Quicken Loans released its Home Price Perception Index (HPPI) for January, finding that the range between expectations and actual appraisal values is getting smaller. On February 9, the retail mortgage lender announced average home appraisal values in January were 1.75 percent lower than homeowners’ expectations.
For the fifth consecutive month, the gap between perception and actual value has decreased.
In the month of January, nationwide home values fell by 0.42 percent on a monthly basis and increased 3.37 percent annually.
“It’s always important to understand your local real estate market,” said Quicken Loans Chief Economist Bob Walters.
“If home values are growing in the area, homes may be gaining equity faster than consumers realize. On the other hand, if the local market is struggling, the appraisers – who are most aware of home value changes – may recognize this before homeowners come to terms with reality.”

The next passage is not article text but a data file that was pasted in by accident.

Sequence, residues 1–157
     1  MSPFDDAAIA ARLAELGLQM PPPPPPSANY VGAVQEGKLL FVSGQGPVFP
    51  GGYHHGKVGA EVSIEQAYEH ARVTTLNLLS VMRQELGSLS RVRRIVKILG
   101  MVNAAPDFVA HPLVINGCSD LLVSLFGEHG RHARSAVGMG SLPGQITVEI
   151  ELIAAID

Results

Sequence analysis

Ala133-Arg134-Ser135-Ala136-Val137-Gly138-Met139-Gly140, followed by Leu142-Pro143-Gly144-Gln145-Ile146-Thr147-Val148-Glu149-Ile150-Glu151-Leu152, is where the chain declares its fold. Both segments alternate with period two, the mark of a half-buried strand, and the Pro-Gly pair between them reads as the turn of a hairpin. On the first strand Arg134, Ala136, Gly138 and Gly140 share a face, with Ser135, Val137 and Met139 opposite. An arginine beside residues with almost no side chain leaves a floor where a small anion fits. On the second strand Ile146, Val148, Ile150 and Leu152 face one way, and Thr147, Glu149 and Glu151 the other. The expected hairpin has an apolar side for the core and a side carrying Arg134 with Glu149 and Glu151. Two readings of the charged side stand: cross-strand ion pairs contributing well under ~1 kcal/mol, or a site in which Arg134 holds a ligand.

Denver and Chicago were on opposite ends of the spectrum, with Denver residents getting pleasantly surprised, but Chicagoans– not so much.
Miami and Seattle homeowners were the closest to being on point with the value of their homes. Seattle residents were slightly in the red and Miami homeowners were under-guessing a bit.
In Chicago, homeowners are experiencing negative home appraisals.
In January 2015, the appraiser value was 0.38 percent lower than the homeowner perception of their home’s value. The gap between homeowner perceptions and appraisals has grown larger– and it’s not good news.
In December 2015 appraiser value was 2.85 percent lower than homeowner perception, and it remained at the same level into January 2016.